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Older Americans Will Be a Force in 2022 Elections

Key races, the fate of Congress and new voting laws add up to a crucial voting season

A woman walks into a voting location with a sign that says vote here

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Thirty-six governors’ races. Redistricting. A tied United States Senate and nearly even House of Representatives. Dozens of new state laws revamping how we'll cast our ballots and how they will be counted. A pandemic and economy that repeatedly defy predictions and confound our lives. Americans will have to contend with this complex set of factors as the all-important 2022 midterm election season gets underway.

"I think there's just a whole host of reasons that voters feel unsettled," from COVID to inflation to growing international tensions, says Glen Bolger, a Republican strategist and pollster. Celinda Lake, a veteran Democratic pollster, recalls that "in 2020 people were looking for change. In 2022 I think they'll be looking for results."

Despite changes in how people will be able to vote in some states and the potential for the pandemic to still be a factor, experts predict that the high voter interest of the past few elections will continue. "Turnout is always lower in the midterm than it is in the preceding presidential, but we are in what I think is a high-turnout moment in U.S. elections," says Kyle Kondik, managing editor of Sabato's Crystal Ball at the University of Virginia Center for Politics.

Election observers say older Americans again are expected to continue turning out in greater numbers than any other age group, and AARP is mounting a robust voter education campaign in the face of so many voting challenges. "It's going to be important for us to ensure that our constituency understands when to vote, how to vote, where to vote­ — and we're going to put a huge amount of energy into that," says Nancy LeaMond, AARP executive vice president and chief advocacy and engagement officer.

What's at stake

While 2022 doesn't have the cachet of a presidential election year, the very fabric of governing in America will be up for grabs in scores of congressional, gubernatorial and state legislative races. Here's what's at stake:

  • House of Representatives: All 435 seats are up for election, since all members serve two-year terms. Currently, Democrats control this lower chamber of Congress, but just barely — 222 to 212. Historically, the party in power in the White House loses seats in the first midterm election of a president's tenure. Experts say that redistricting is also likely leading to fewer competitive races and political oddsmakers now favor the GOP to take over the lower chamber.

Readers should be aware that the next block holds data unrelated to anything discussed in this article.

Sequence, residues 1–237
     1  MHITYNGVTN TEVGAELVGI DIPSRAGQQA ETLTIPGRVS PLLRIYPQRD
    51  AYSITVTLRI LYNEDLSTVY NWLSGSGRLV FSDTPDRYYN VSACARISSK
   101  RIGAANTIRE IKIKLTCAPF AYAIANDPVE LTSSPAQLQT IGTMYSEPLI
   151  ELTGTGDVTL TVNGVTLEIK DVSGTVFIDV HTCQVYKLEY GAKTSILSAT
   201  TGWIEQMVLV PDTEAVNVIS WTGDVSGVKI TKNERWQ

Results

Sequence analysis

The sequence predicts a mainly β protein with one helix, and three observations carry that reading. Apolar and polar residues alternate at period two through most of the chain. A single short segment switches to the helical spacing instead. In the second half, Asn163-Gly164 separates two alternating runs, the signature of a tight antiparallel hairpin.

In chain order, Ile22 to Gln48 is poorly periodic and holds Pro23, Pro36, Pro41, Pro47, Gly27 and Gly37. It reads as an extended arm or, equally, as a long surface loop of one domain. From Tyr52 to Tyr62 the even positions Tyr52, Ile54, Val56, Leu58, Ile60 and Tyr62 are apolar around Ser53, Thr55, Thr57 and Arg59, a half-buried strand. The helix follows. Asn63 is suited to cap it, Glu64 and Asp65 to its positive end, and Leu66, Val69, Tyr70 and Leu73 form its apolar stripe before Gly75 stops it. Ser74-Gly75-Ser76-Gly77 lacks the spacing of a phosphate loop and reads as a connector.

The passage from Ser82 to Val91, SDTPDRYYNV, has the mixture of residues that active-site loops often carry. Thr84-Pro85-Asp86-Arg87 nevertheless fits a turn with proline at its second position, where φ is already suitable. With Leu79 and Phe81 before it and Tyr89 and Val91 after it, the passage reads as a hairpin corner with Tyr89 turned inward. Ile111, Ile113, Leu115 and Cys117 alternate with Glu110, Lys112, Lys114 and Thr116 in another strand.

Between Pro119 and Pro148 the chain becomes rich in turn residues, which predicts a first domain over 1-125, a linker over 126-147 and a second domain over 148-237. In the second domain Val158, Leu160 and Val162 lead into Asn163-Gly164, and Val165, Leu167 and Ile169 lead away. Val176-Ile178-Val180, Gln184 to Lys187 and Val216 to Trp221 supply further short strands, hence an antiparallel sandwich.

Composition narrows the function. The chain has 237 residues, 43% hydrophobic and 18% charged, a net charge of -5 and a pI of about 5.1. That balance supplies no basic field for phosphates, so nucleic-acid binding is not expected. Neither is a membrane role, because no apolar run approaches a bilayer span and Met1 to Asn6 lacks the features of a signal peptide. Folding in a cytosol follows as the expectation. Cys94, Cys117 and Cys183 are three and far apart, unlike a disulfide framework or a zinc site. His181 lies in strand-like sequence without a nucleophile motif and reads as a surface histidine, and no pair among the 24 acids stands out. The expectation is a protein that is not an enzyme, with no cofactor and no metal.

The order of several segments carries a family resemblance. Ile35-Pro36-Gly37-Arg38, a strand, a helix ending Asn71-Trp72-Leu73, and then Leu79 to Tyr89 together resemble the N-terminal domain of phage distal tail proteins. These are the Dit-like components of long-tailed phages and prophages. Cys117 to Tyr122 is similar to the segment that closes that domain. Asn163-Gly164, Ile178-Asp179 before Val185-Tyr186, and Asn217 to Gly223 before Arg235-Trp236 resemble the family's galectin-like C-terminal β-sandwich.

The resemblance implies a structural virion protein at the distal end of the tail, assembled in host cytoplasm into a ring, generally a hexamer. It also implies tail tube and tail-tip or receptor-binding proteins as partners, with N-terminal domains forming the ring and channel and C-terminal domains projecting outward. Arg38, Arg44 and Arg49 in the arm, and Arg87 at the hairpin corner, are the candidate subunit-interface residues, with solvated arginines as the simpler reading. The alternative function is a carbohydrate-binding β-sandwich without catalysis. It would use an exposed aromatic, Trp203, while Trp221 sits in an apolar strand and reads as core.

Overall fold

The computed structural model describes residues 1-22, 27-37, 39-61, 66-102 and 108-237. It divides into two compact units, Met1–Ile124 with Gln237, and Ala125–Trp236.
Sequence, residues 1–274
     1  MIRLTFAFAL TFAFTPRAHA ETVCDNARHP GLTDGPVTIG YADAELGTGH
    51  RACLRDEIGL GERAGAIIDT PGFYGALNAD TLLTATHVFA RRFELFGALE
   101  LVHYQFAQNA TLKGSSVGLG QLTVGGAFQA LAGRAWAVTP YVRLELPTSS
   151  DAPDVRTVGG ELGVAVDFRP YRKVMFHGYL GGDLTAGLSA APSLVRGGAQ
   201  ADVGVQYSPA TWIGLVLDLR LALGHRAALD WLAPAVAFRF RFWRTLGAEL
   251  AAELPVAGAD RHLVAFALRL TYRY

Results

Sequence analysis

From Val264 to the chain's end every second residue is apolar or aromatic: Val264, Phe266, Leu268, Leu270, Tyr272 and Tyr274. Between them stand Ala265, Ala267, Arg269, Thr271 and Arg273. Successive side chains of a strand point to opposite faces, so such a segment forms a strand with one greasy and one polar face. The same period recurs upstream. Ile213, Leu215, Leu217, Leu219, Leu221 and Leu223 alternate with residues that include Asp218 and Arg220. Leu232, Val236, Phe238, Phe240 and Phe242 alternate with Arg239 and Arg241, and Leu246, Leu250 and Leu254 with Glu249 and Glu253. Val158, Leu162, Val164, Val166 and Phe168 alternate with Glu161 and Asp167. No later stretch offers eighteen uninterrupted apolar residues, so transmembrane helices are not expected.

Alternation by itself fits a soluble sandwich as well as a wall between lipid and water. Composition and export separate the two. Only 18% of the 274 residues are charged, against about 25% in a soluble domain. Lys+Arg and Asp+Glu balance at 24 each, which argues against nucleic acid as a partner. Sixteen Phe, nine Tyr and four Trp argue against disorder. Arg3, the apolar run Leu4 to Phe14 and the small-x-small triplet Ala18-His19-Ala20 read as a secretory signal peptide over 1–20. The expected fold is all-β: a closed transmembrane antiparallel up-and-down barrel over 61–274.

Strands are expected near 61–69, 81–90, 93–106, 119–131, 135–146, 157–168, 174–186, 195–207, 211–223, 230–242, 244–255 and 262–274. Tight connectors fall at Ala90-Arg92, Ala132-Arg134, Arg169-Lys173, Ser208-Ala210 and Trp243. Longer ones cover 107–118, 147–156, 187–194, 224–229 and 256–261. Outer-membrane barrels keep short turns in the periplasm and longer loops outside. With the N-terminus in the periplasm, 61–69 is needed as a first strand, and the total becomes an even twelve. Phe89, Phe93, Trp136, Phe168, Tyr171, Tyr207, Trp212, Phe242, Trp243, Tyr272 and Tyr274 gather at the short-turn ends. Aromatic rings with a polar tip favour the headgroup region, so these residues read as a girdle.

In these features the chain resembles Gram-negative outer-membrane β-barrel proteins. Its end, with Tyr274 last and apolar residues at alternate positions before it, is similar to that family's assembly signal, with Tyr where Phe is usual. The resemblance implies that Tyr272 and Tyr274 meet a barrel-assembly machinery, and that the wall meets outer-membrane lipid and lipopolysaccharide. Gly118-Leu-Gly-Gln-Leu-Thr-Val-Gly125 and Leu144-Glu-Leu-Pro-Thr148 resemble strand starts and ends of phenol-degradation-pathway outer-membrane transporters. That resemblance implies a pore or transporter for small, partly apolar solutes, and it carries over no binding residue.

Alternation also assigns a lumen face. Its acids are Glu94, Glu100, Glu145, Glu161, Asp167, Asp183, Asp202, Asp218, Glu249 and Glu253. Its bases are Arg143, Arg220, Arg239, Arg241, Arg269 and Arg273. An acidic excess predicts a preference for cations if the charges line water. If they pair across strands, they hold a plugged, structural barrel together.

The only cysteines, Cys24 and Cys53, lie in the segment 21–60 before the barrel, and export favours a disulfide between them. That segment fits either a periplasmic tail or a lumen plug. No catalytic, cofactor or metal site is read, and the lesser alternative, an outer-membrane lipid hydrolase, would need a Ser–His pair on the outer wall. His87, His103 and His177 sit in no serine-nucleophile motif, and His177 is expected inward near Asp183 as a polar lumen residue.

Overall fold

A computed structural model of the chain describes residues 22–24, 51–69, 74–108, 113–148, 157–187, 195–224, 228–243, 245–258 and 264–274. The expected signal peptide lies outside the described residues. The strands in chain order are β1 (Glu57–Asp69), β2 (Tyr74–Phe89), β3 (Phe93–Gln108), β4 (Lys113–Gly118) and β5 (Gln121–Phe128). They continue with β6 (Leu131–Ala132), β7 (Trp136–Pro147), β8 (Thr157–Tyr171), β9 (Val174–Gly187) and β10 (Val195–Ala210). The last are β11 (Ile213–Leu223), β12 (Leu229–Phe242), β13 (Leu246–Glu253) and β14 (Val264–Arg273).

• Senate: The future of the Senate is a toss-up. This upper chamber is tied politically 50-50,  but because the Democrats control the White House, Vice President Kamala Harris casts the tie-breaking vote for the Democrats in her role as President of the Senate.  Every two years about a third of Senate seats are up, because senators serve six-year terms. This year, 20 seats held by the GOP and 14 by Democrats are in play. As of the beginning of the year, six senators announced their retirement — five Republicans and one Democrat.
  • States: There are 20 Republican and 16 Democratic gubernatorial seats up for election and more than 6,000 state legislative seats. Beyond the usual importance these races carry, the COVID pandemic has showed how pivotal governors and state legislators can be, as these officials made the decisions regarding vaccine distribution, COVID testing, mask wearing, and what types of restrictions to place in their states on commerce, schools and other aspects of life. State lawmakers also have sway over everything from how legislative districts are drawn to myriad state laws governing taxes, health care, insurance, infrastructure projects and public safety.

The COVID effect